A new trailer shows the improvement fans can expect from the Xbox Series S by comparing its load times to its predecessor, the Xbox One S. The Series S is the budget model of Microsoft's newest console generation. It has no disc drive, but is selling for only $299, as opposed to $499 for the Series X. The price of the Xbox Series S was revealed in a recent leak that forced Microsoft to confirm the price tag for both the Series S and Series X.
Both Microsoft and Sony have been slowly revealing details about their next-gen consoles for months. The upcoming consoles promise a lot of improvements over their predecessors, including improved loading and launch times. The developer of upcoming PS5 game Kena: Bridge of Spirits, for instance, boasts that the game can boot up from the console's system menu in just two seconds. Reducing load times is a very similar goal, and one that both companies have been working to achieve. Some have claimed that the new generation heralds the death of loading screens altogether.
Microsoft is now attempting to prove that even its smaller, lower-spec console is capable of drastically cutting down on loading screens. The company has produced a new trailer putting the Xbox Series S head to head with last generation's Xbox One S in a veritable loading screen race. The systems are both seen booting up The Outer Worlds, which recently reentered the public eye with the release of a new DLC expansion, Peril on Gorgon. Both versions of the game start up at the exact same time, but while the Xbox One S takes over 50 seconds to drop the player into the game, the Series S brings the player in after only 11 seconds of loading. It's a marked improvement in a game whose loading screens are probably too long to begin with.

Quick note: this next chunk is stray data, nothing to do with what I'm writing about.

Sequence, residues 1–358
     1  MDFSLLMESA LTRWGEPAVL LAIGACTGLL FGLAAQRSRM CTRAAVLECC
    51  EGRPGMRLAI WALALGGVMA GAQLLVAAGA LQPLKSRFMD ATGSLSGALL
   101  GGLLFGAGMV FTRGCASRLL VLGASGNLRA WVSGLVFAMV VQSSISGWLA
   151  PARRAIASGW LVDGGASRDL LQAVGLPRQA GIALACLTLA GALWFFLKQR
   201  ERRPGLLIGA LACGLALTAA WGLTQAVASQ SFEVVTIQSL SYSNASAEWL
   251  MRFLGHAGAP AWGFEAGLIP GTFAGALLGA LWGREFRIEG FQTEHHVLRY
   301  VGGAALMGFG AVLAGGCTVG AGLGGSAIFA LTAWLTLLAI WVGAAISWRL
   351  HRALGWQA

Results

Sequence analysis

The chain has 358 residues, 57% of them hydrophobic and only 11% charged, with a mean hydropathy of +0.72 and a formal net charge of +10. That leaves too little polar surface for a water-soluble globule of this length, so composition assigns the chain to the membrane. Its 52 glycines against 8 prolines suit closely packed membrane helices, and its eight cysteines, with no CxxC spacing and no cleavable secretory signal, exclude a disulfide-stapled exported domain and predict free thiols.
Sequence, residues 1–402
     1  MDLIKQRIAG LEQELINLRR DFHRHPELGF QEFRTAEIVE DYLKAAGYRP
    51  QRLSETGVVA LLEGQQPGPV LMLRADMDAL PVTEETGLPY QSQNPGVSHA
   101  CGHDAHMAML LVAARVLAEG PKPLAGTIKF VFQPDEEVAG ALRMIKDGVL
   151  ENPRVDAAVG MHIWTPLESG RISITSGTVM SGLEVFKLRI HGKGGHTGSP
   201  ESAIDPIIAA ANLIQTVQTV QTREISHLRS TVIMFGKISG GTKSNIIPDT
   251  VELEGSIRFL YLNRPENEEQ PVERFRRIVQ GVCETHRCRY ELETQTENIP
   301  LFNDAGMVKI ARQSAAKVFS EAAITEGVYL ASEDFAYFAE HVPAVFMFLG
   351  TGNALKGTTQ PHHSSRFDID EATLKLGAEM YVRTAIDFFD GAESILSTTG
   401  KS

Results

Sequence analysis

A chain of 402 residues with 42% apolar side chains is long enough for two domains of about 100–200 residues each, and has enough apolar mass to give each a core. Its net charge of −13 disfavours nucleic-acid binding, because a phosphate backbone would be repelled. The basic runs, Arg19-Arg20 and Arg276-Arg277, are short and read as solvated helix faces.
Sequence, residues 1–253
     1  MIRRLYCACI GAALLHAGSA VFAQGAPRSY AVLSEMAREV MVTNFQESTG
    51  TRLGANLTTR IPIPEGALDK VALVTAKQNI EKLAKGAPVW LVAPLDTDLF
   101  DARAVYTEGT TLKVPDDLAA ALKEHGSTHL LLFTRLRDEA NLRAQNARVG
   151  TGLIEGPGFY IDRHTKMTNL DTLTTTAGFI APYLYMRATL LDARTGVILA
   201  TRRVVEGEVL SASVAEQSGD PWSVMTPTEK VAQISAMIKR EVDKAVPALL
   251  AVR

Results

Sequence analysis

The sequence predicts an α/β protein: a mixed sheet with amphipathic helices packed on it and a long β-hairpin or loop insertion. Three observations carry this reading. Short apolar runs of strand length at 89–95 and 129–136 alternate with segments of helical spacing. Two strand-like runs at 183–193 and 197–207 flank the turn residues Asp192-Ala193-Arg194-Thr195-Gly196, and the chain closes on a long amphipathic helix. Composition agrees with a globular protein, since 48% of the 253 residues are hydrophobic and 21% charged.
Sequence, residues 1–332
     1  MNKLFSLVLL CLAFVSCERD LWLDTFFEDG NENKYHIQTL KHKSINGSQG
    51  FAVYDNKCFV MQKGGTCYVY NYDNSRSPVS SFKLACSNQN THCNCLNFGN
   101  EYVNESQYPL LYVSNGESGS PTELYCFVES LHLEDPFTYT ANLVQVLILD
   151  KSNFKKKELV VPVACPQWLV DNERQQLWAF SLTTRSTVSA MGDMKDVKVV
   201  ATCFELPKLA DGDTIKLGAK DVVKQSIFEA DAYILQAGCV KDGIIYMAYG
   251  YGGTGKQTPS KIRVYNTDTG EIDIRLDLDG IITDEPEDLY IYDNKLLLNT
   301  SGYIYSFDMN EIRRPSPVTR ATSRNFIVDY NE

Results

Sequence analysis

Many have questioned if the Series S is worth their time, even at such a significantly lower price than the Series X. The console has much less storage space than its big brother, though this is offset a bit by being able to install smaller game files. By releasing this trailer, Microsoft is sending a powerful message; no matter what other faults the little system has, it has a considerable advantage over the current generation when it comes to loading times. Microsoft clearly hasn't skimped on the processing power, even if it's skimped on a few other things.
The new console generation offers a lot of choices for fans. The biggest choice is which system to buy, and there are a greater number of options than one might expect. Both competitors are offering two different models for fans to choose from in order to select the console that suits them best. More and more, Microsoft is establishing the Series S as a viable option for more casual fans who are willing to pay a significantly lower cost for a slight reduction in console space and function. If this trailer is any indication, the Xbox Series S may prove to still be a powerful console, and a perfectly good choice in its own right.